Security Token Offering vs ICO – what are the differences?
ICO, that stands for Initial Coin Offering, has recently been one of the hottest terms in the world of blockchain projects fundraising. This world transforms so rapidly, though, that soon ICO can be replaced with a brand new thing called STO (Security Token Offering). Rumor has it, at least. But is the thing really that new? And will the anticipated replacement actually happen? We answer these (and more) questions below, highlighting the main differences between ICO and STO.
The key to understanding what STO is and how it differs from ICO, is knowing what the ICO is in the first place. So here comes a brief explanation for all those who are somewhat new to the topic (or still happen to be a little confused about it). ICO is, to put it simply, a digital token that can be bought using cryptocurrencies in order to support a project. If the project succeeds, the value of the token increases, so it can be treated as an investment, too.
The whole idea resembles that one of the company stocks except for ‘stocks’ here are shifted to a blockchain-based smart contracts and virtually anyone can either buy or sell tokens of an ICO. There are no middle men involved and a company can get funding without help of e.g. banks and other institutions. All you need is basically an idea, a whitepaper, a website and a code. It may sound like a charm, especially to those young entrepreneurs who raised millions overnight thanks to it, but for the very same reasons ICO isn’t all so sweet in the end.
Security Token Offering as a remedy for the ICO problems
What seemed to be the perfect funding solution due to no regulations soon turned out to be a hotbed for fraudsters who never meant to deliver what they promised in the whitepapers. In 2017 over 80% projects, which of course caused much hesitation among many investors whether to invest in ICOs in the future. But here come Security Token Offerings that are believed to solve to the problem and thus be a real gamechanger.
The core idea remains quite the same, but Security Token Offerrings are in fact regulated, e.g. in the USA filed with the Securities and Exchange Commission (SEC, in the U.S.), they also take advantage of securities privilege such as Reg A+. The number of countries regulating blockchain market increases, with good examples of Switzerland and Liechtenstein. The amount of regulation in the US is immense. There is STO Reg S (for companies operating outside of the US), STO Reg D with its three variations: Rule 506(b) (with unlimited annual offer an withouth general solicitation), Rule 506(c) (with unlimited anual offer and with general solicitation) and Rule 504 (with $5 mln annual offer limit and general solicitation permited in specified circumstances), Reg A with two tiers: one with $20 mln annual offer limit and the other with $50 mln limit.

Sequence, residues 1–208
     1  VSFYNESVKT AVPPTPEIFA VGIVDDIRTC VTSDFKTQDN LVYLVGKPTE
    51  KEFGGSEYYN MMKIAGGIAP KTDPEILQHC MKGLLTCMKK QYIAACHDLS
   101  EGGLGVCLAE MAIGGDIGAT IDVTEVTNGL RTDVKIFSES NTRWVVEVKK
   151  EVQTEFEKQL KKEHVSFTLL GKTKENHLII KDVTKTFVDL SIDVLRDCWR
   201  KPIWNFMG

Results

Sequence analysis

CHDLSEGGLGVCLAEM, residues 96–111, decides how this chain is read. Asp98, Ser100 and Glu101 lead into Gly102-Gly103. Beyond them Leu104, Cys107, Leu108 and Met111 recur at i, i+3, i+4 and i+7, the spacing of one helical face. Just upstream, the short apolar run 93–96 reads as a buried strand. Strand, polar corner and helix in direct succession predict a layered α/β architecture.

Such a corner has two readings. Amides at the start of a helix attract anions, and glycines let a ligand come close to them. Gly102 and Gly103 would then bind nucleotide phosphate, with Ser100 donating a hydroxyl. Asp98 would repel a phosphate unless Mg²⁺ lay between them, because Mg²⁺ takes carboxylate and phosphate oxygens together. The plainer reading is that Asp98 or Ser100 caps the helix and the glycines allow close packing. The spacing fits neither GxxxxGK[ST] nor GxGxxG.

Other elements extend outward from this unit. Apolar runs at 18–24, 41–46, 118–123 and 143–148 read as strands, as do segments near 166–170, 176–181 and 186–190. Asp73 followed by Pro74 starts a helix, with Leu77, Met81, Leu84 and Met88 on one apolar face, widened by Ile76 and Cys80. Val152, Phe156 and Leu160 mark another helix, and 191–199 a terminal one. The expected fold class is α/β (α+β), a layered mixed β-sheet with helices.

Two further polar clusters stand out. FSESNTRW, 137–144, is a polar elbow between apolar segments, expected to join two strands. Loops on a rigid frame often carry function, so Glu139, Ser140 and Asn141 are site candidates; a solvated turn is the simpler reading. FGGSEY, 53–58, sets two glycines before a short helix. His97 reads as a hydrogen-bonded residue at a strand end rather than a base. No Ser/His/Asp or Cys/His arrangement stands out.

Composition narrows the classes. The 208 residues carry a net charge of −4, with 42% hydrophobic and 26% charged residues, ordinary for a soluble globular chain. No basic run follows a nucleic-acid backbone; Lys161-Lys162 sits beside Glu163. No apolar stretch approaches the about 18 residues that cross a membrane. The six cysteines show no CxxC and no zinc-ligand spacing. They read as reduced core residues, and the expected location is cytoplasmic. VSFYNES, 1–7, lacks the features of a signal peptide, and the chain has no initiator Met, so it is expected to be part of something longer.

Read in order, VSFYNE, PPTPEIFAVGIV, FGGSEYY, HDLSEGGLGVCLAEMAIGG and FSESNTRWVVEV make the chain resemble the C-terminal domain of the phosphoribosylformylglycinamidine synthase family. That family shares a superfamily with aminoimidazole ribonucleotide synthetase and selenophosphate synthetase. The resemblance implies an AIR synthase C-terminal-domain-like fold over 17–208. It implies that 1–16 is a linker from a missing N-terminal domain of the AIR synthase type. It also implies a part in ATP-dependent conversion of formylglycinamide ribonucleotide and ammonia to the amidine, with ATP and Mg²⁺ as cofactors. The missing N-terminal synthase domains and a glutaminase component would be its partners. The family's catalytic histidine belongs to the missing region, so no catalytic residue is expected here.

The latter are less likely to use a registered company they’re investing in for so called illegal monetary activities. Therefore, the business issuing an STO is protected too, as far as both its image and possible legal trouble are concerned. Although the registration process itself is far more expensive and difficult, it is still not as complicated as the registration process for Initial Public Offers (IPO), while the STO still can be treated as real securities.
And they are, not only in the light of mentioned regulations, but also resembling shares in a way. The tokens issued in STO provide investors some rights to the company they invest in. The investors are entitled for example to be payed interest and dividends (or reinvest the STO into other security tokens) which ICOs only allow if they’re fair to their investors.
Will Security Token Offering replace ICO?
There are even more benefits of STO, one of them being the possible end of the strife between blockchain community and governments or other regulators that wanted to gain more control over ICO market. Many freedom-loving members of that community, though, argue that being subject to regulations and red-tape, STO are defying the original concept of ICO. The latter may thus remain a valid alternative to STO, as a part of dual token structure of the blockchain market.
It is worth noting, that the market is heading towards increased regulation. There are examples of smart regulation and mindless, bureaucratic regulation. The good example of well thought regulation is Lichtenstein’s “Blockchain Act”. It was widely discussed with various groups of experts and is expected to go live around August this year. This kind of well-thought legislation should be perceived as a herald of safer future for blockchain community with numerous advantages for both the entrepreneurs and their investors.
Of course, some basic rules of reviewing business model are the same for STOs and ICOs – you can check how to review an ICO in my other article.